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Mayors, Superintendents Pledge Greater Cooperation

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Detroit

Kicking off the Council of the Great City Schools' annual conference last week was an unprecedented gathering of mayors and school superintendents from many of the largest U.S. cities.

The meeting, co-sponsored by the U.S. Conference of Mayors, was considered a landmark at a time when mayors often speak of school improvement as critical to revitalizing urban areas. But in some cities, that interest is seen as an intrusion into the traditional barrier between the city government and the school district.

"In lots of places, mayors and superintendents don't talk much," said Thomas W. Payzant, Boston's superintendent. "This was an opportunity to begin a conversation about key educational issues that are facing the cities."

David Snead

Such a conversation was particularly appropriate in the Motor City, where tension between the superintendent the and mayor has made headlines recently. Some school board members have publicly accused "corporate interests" of trying to oust Superintendent David Snead and put Mayor Dennis Archer in charge.

The conflict stems partly from the high profile of a group of business and civic leaders called New Detroit Inc., which led an audit of the district and has taken on a leading role in helping reform its financial and academic operations.

The friction between the mayor and the superintendent is also said to have roots in the failed 1993 mayoral bid by Mr. Snead's wife, Sharon McPhail.

Gov. John Engler first raised the idea of a state takeover of failing Michigan school districts--possibly with Detroit in mind--earlier this year. But Mr. Snead said last week that he and Mr. Archer are on good terms, and that the 180,000-student district is far from a state of crisis. He noted that the district has restructured its debt and improved its scores on state tests.

"There's no need for a takeover, and I think the mayor understands that," Mr. Snead said.

The discussion at the gathering often turned to Chicago, where a chief executive appointed by Mayor Richard M. Daley has won kudos for shaking up the 424,000-student system. And several superintendents and board members here said that mayors have an important role to play in boosting the image of the public schools and helping them secure resources.

"It was sort of a love fest," said the Long Beach, Calif., superintendent, Carl A. Cohn. "What I hope for in the future is more discussion about setting up some guidelines for mayors and superintendents about the conditions that could lead to government takeovers."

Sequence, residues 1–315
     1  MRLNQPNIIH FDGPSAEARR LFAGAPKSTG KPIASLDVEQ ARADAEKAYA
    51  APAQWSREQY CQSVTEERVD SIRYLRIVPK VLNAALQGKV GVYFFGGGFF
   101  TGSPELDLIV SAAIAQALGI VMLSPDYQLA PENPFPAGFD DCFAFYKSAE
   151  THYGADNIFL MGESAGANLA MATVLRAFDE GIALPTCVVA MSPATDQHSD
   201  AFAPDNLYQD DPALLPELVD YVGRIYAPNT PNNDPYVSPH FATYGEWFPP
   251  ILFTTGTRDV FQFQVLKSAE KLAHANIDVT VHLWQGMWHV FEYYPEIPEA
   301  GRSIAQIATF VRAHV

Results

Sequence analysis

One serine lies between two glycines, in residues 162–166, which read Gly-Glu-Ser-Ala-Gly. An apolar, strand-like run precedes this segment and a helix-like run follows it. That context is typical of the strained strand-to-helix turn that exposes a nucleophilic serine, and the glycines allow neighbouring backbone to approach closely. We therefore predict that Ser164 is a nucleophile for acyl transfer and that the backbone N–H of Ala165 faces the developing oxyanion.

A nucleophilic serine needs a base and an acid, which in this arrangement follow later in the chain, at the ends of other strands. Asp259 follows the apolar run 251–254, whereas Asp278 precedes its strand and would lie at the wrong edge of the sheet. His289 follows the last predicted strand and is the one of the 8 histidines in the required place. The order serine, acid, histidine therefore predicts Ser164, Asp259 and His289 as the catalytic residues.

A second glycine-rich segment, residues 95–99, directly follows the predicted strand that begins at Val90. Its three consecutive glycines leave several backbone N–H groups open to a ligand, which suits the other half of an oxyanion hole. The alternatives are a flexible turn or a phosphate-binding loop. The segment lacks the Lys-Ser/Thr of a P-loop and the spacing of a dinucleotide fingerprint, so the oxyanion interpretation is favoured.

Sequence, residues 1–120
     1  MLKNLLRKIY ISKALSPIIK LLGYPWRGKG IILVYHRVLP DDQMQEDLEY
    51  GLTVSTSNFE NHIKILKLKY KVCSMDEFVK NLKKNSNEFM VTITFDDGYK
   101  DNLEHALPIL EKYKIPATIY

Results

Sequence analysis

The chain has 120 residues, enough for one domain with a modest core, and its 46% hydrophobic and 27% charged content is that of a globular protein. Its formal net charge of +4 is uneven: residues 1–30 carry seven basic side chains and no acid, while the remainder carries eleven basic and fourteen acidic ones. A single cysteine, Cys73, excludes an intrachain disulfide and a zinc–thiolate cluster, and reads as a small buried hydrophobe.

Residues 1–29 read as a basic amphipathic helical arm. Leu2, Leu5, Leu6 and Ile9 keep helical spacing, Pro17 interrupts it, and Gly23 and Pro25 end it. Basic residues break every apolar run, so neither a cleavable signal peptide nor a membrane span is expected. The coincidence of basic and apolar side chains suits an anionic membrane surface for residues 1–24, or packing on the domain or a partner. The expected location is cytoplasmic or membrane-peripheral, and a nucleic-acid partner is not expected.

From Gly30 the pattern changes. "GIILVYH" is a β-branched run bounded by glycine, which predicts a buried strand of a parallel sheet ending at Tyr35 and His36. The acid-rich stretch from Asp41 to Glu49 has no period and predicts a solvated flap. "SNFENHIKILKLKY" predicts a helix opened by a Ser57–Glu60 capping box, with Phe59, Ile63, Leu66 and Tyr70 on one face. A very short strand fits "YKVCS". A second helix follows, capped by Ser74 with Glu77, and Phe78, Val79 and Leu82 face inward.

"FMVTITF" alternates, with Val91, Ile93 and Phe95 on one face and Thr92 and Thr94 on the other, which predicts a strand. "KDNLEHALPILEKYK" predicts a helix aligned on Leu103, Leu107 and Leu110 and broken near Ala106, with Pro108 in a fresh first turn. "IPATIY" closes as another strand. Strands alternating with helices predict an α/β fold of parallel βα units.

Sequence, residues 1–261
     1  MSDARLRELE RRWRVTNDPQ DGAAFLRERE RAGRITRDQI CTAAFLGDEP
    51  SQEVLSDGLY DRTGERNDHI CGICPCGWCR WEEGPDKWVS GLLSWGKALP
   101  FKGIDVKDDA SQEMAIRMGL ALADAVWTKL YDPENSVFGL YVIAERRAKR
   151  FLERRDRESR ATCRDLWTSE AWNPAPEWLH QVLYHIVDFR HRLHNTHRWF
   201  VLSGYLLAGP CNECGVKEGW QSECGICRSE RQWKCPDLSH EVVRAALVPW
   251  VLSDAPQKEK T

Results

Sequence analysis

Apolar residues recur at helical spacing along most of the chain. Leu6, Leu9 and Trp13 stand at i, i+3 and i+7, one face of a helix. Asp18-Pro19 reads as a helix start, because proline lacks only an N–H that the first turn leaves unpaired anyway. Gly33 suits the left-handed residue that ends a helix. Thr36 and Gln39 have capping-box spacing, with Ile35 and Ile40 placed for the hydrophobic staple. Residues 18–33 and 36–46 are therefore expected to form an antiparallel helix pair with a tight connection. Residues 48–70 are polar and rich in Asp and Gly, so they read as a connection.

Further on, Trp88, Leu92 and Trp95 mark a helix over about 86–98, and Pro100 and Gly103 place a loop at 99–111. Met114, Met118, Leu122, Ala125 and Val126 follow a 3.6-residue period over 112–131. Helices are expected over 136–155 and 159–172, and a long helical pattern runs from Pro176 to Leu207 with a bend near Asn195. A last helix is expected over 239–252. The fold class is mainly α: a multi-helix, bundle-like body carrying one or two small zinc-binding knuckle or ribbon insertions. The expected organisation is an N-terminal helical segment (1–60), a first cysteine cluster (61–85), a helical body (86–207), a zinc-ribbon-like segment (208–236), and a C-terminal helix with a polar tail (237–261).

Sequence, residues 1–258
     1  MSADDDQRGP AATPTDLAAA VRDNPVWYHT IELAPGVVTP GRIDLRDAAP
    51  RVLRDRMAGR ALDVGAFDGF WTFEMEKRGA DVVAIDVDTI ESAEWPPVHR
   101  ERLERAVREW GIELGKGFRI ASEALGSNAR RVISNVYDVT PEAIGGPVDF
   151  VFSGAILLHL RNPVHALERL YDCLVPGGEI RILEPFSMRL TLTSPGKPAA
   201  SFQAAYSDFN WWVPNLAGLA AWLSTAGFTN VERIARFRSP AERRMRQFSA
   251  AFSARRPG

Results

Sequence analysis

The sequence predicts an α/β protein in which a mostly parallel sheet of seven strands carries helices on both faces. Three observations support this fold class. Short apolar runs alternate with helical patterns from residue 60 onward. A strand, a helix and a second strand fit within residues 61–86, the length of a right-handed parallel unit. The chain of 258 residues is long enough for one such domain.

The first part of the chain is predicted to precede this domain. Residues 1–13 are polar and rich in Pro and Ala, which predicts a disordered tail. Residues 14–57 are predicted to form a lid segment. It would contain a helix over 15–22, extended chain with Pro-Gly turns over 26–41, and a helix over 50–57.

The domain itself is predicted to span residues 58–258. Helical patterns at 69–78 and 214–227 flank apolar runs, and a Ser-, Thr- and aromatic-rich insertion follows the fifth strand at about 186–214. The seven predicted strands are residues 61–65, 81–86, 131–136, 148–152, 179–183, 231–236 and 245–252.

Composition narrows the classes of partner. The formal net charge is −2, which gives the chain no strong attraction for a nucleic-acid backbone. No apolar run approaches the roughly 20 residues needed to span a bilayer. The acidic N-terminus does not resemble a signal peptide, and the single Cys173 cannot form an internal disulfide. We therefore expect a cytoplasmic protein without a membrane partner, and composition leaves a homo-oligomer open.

The roughly 600 educators at the Oct. 15-18 conference attended workshops on reading, parent involvement, reconstitution, school finance, and teacher recruitment.

One seminar dealt with President Clinton's proposed voluntary national tests in reading and math. Fifteen urban school systems initially signed on to the administration's plan. Three of them have since said they would not give the reading test because it would be offered only in English. ("National Tests, Title I at Odds on Language," in This Week's News.)

Still, the expected participation by many big-city districts shows they aren't afraid of high standards, said Wilma Brown, the council's chairwoman and a Toledo school board member. San Francisco Superintendent Waldemar Rojas agreed. "We would be ready to go forward whenever they are."

But he and other superintendents endorsed the view that the tests should be available in languages other than English.

And some educators here said the focus on testing is misguided. "We have enough tests," said Superintendent Cleveland Hammonds of St. Louis. "Our problem is marshaling the resources to respond to our problems."

Scarce resources for urban education was a theme sounded by one of the conference's keynote speakers, former New York Gov. Mario M. Cuomo.

Mario M. Cuomo

"If we're going to set the bar high, we're going to have to have all the things we need to get the children over that bar," the prominent Democrat said, drawing hearty applause. "If we pretend that we can succeed by providing the things that do not cost money and not providing the things that do, who are we kidding? We're hypocrites."

--BETH REINHARD

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